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Hip Dysplasia (Developmental Dysplasia of the Hip)

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Hip dysplasia is not always detectable at birth or during well-child visits. However, it is important for hip dysplasia, once found, to be evaluated by an expert and treated if needed. Here is information from the American Academy of Pediatrics about hip dysplasia, including risk factors and treatment.

What is hip dysplasia?

Hip dysplasia (developmental dysplasia of the hip, or DDH) is a common condition in which a child's hip does not fully develop or is loose in the hip socket. The condition can range from very mild instability to complete dislocation of the thigh bone ball, out of the socket. Typical hip dysplasia may be present at birth or develop during the first year after birth. (Atypical dysplasia develops during adolescence.)

What causes hip dysplasia?

The cause of hip dysplasia isn't usually clear. However, here are risk factors that increase the chance of hip dysplasia in a child.

  • Having a close family member with hip dysplasia, like a sibling or parent.

  • Being in the breech position during the third trimester of pregnancy.

  • Being assigned female sex at birth.

  • Being swaddled incorrectly.

How does the doctor check for hip dysplasia?

Your child's doctor will check your newborn for hip dysplasia right after birth and at every well-child exam until your child is walking. During the exam, your child's doctor carefully moves your child's hips to see whether the thigh bones (balls) are positioned well in the hip sockets. This exam is done gently and does not hurt your baby.

Your child's doctor also looks for other signs that may suggest a problem, including

  • Range of motion that is limited in either hip

  • One leg that is shorter than the other

  • Thigh or buttock creases that appear uneven or lopsided

If your child's doctor suspects a problem with your child's hip, you may be referred for an imaging study, to get an X-ray or ultrasound, and to an orthopedic specialist who has experience treating hip dysplasia.

How is hip dysplasia treated?

Not all cases of hip dysplasia need treatment. Many mild cases can be carefully observed by repeating imaging studies until the hips mature and stabilize.

If your child needs treatment, early treatment is important. Failure to treat this condition can result in permanent disability.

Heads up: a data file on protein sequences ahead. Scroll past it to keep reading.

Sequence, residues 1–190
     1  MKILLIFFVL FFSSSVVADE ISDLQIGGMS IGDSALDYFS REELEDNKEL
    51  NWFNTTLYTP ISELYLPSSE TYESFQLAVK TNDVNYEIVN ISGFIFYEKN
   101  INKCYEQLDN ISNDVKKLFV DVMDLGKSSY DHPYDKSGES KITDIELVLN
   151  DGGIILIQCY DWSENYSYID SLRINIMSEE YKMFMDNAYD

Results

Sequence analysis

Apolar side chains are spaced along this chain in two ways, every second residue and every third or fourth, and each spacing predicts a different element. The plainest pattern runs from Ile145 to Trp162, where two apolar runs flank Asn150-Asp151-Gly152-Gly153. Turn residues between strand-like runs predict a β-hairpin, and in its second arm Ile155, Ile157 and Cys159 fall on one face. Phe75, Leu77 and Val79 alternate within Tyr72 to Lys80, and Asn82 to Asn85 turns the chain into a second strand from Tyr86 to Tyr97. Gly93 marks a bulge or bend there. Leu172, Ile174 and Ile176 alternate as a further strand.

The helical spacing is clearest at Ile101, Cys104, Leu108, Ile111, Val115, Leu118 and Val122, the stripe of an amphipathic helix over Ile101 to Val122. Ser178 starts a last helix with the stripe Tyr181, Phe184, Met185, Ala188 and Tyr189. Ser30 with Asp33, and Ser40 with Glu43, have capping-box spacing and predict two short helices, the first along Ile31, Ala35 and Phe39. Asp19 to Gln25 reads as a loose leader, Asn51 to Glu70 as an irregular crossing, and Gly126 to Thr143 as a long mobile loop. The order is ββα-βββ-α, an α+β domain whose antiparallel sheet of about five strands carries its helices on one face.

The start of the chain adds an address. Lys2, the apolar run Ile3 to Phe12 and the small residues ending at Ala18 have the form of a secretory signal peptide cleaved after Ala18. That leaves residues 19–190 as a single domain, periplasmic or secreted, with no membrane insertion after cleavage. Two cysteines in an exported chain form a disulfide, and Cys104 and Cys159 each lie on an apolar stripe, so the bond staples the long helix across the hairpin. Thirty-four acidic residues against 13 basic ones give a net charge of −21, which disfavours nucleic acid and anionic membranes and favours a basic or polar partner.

Children diagnosed with hip dysplasia before they are 6 months of age will most likely be treated with a soft brace, like a Pavlik harness. The Pavlik harness holds the legs apart in a flexed way to secure the thigh bones in the hip sockets. The orthopedic specialist tells you how long and when your baby needs to wear the brace. Your child is also examined often to make sure their hips remain typical and stable.

In resistant cases or in older children, hip dysplasia may need to be treated with a combination of braces, casts, traction, or surgery. After surgery, your child will be placed into a hip spica cast for about 3 months. This hard cast stops movement in the hips and keeps the hips in the correct position. When the cast is removed, your child needs to wear a removable hip brace for several more months. Your child may need a special car safety seat during this time.

Note: In the past, parents were told to double or triple diaper their babies. The hope was to keep the legs in a position that made dislocation less likely. This practice is not recommended. The diapering does not prevent hip dysplasia and only delays effective treatment.

For More Information

American Academy of Pediatrics

www.aap.org and www.HealthyChildren.org

Disclaimer

The American Academy of Pediatrics (AAP) is an organization of 67,000 primary care pediatricians, pediatric medical subspecialists, and pediatric surgical specialists dedicated to the health, safety, and well-being of all infants, children, adolescents, and young adults.

In all aspects of its publishing program (writing, review, and production), the AAP is committed to promoting principles of equity, diversity, and inclusion.

The information contained in this publication should not be used as a substitute for the medical care and advice of your pediatrician. There may be variations in treatment that your pediatrician may recommend based on individual facts and circumstances.

https://publications.aap.org/patiented/article-pdf/1503313/peo_document053_sp.pdf

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